Further thoughts on sovereignty

I have just returned from a ten-day vacation to Estonia, a wonderful country I have been visiting regularly for a quarter of a century; to be honest, I’ve been involved in Estonia longer than Macedonia, but that’s another story. Of note from this most recent trip was that I found Pelisterka bottled water for sale. And not just that, but the bottles where labeled in Estonian meaning Pelisterka is doing some major exporting. Which leads me to this next interesting fact: 80 percent of Macedonia’s exports go to EU countries and Macedonia is not part of the EU. I’ll just wait a moment for that fact to sink in while Macedonia contemplates giving up much of its sovereignty, its name, its identity, its history, its culture, and much else in return for membership in the EU so that it can….what, export more than 80 percent to the EU?

We all know, by now, that joining the EU means giving up some sovereignty. Actually, for at least the past two decades EU and other politicians have told Europeans that joining the EU means “pooling sovereignty” and that to get into the EU, a country must give up a bit of its sovereignty. Speaking for myself I have a problem with a nation giving up its sovereignty, especially handing it over to unelected and unaccountable bureaucrats in a faraway place like Brussels, to men and women who have never even been to Macedonia, much less care about Macedonia or her people. These unelected and unaccountable men and women are only interested in furthering their own careers, positions, prestige, etc. As Nile Gardiner, a former aide to UK Prime Minister Margaret Thatcher has said, “Unelected European Commission bureaucrats are not accountable to European publics. They will care little about job losses or rising consumer prices.”

The other day I listened to my favorite podcast, The Remnant, with Jonah Goldberg, an American writer and analyst with the conservation publication, National Review, founded by one of the most respected conservatives on the American scene, William F. Buckley, in 1955. In the latest episode, Jonah brought on Charlie Cooke, the National Review dot com online editor, for a solid hour of robust intellectual discussion. Because Charlie is British by birth, but became an American citizen last year, Jonah asked him about Brexit and why Charlie supports it. I would highly recommend listening to the whole thing (and would also recommend you listen to every single episode), but my main point here focuses on sovereignty. Charlie says he was for Brexit on “Lockean grounds” and because he believes “that legislatures (the parliament) can make laws and not other legislatures” and that “powers are loaned to parliamentarians by the people and cannot be given away.” In other words, and relating this to Macedonia, the people of Macedonia have elected the parliament of Macedonia to make laws. The Macedonian people have loaned the Macedonian parliament the powers to make those laws and those powers cannot be transferred to anyone else, be it the European parliament or other EU officials. Regarding the EU project Cooke states that what started off as a trade idea was transmuted into a pan-European political project. And that is the trouble with the EU that so many Europeans are realizing. It is no longer an idea about trading and commerce, it is now a supranational project sucking sovereignty, the very life blood of the European countries, and demanding fealty to it.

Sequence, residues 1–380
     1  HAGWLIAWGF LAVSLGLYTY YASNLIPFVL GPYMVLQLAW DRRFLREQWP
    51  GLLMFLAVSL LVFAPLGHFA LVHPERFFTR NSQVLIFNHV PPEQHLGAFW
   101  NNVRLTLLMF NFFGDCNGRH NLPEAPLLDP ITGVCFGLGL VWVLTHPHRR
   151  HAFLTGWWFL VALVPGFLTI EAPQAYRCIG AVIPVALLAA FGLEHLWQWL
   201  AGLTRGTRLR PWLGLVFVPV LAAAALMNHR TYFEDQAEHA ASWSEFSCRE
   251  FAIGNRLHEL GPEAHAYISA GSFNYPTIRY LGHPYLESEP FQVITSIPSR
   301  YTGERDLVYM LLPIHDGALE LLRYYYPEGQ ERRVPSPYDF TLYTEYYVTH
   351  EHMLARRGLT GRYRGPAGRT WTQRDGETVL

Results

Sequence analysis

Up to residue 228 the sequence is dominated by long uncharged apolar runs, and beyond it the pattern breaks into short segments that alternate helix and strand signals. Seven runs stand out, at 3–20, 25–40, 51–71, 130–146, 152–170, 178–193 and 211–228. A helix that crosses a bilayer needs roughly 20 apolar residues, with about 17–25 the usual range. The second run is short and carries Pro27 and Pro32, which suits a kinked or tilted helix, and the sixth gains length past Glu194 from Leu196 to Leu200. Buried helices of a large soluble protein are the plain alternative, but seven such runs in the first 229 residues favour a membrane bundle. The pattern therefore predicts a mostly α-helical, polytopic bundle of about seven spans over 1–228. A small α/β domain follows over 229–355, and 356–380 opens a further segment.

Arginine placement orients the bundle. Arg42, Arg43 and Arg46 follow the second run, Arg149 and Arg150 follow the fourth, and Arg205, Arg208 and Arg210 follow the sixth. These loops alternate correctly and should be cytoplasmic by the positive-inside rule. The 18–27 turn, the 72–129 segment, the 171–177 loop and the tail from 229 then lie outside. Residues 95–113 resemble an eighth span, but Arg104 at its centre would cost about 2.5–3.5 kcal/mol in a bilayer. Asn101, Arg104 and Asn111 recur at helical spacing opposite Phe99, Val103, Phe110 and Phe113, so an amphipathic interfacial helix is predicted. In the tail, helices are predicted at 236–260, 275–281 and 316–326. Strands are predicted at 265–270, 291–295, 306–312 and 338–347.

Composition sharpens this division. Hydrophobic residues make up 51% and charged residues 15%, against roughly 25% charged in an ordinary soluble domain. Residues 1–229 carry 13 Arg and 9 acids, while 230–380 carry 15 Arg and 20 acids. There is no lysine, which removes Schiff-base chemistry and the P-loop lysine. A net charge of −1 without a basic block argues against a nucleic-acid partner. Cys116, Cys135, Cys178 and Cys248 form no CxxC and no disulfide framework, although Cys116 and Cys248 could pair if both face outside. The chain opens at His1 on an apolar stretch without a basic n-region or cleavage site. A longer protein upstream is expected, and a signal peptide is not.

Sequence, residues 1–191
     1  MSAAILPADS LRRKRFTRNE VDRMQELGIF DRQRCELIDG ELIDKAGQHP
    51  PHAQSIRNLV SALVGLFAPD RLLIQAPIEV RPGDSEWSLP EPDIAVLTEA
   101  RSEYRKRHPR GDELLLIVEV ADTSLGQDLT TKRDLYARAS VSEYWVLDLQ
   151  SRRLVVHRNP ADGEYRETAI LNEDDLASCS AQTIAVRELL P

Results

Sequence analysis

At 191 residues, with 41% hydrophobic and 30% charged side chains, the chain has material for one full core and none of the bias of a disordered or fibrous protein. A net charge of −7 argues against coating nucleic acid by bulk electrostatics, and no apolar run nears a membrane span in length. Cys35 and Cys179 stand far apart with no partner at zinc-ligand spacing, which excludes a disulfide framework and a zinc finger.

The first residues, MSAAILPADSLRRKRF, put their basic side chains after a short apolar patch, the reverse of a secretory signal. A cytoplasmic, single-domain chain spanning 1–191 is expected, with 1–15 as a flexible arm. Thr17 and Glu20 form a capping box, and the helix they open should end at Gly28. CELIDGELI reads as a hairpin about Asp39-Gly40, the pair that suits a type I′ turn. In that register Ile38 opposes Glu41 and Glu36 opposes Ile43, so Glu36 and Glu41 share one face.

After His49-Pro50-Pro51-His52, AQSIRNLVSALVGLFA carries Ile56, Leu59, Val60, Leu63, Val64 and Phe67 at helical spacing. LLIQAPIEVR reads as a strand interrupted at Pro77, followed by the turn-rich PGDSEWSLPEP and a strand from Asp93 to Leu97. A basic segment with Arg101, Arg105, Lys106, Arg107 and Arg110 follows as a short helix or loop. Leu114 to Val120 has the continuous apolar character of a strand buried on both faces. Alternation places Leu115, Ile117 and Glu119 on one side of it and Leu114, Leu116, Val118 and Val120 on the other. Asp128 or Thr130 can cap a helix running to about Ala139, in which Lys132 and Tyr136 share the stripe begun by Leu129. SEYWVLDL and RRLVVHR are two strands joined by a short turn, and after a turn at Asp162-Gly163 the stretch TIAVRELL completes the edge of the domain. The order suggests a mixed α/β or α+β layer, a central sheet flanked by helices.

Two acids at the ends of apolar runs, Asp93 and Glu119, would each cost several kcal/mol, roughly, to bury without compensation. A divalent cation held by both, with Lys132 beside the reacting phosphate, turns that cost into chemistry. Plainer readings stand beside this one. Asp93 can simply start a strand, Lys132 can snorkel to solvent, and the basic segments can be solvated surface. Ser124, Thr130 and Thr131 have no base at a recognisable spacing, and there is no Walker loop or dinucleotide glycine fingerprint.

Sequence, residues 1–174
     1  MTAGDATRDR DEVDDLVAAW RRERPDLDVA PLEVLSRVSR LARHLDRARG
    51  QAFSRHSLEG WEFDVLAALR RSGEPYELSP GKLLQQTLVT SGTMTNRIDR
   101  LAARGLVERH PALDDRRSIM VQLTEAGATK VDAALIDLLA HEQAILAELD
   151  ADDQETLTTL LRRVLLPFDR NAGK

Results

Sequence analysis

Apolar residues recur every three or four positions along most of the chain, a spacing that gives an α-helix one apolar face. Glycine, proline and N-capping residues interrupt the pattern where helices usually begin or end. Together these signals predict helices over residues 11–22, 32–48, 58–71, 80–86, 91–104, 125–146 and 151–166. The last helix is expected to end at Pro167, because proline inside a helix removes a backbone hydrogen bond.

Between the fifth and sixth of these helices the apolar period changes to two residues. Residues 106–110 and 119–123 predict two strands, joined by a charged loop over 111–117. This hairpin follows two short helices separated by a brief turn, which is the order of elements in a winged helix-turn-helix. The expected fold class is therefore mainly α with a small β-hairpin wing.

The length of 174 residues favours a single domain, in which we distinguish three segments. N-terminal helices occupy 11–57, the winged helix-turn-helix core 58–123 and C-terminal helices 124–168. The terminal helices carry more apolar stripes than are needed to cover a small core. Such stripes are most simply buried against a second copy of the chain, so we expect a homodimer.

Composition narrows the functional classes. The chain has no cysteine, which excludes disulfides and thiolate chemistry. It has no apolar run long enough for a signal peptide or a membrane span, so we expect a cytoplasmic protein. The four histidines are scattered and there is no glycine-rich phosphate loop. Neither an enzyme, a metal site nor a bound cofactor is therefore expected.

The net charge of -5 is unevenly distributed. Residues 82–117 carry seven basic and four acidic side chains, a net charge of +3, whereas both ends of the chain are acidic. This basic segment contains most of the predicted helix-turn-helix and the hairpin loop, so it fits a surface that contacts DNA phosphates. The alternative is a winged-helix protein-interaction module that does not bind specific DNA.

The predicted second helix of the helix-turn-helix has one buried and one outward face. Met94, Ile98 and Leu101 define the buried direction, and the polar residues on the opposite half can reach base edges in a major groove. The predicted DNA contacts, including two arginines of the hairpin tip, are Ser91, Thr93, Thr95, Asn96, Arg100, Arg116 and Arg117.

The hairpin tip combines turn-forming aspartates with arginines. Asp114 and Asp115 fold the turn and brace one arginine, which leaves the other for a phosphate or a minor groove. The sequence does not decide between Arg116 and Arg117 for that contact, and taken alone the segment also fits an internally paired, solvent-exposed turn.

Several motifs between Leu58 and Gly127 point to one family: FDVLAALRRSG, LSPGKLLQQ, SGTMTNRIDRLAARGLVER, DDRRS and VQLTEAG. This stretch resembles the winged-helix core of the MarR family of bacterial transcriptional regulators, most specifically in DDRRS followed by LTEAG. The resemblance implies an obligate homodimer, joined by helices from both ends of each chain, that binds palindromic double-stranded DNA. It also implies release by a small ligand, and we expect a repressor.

Oddly, it is the Greeks who believe they can dictate demands to another country while demanding that everyone else respect their sovereignty. On Monday, July 23, the UK’s Guardian newspaper reported that Greek foreign minister Nikos Kotzias said, regarding the so-called Russian interference in Greece and Macedonia, “Russia must realise that it cannot disrespect the national interests of another state because it feels it is stronger,” and that “Greece has decided to send a message to the east and the west, towards all its friends and others, that regardless of who is violating the principles of national sovereignty and respect toward us, measures will be taken.” In other words, Kotzias is defending, correctly, Greece’s national sovereignty. But at the same time, he and his government have completely violated Macedonia’s national sovereignty by breaking numerous international rules and accords — from basic membership in the UN, to the ICJ decision, to NATO’s own criteria for membership. There’s a word for this and it, ironically, has its origins in ancient Greek: hypocrisy.

Not that anyone in the international community really cares. But there’s the rub: when countries start violating international norms, they can’t expect every other country to continue to respect those and then cry foul when they aren’t respected. Actions have consequences. And the full consequences of Greece’s behavior, and the international community’s behavior, toward Macedonia have yet to be fully played out.

One final thought for today going back now to the Tsipras/Zaev agreement and some further thoughts from Greek foreign minister Kotzias, this time on the issue of commercial and other usage of the terms “Macedonia” and “Macedonian.” In a recent interview he said that “a necessary period of time to resolve this issue” would be needed. One problem with this is that, assuming that the necessary changes are made by Macedonia and the agreement implemented, the Greeks will demand that Macedonian businesses, private entities, civil society organizations, faith institutions, cultural groups, etc. change their names because the Greeks will have plenty of time and leverage to deny Macedonia entrance into the EU if Greek demands are not met. If you think that will not happen, you are a fool.

Proud American & Arizonan w/Hungarian ethnicity & passion for Macedonia, Hungary & Estonia. Traveler, PR man, history buff & wine, craft beer & cigar enthusiast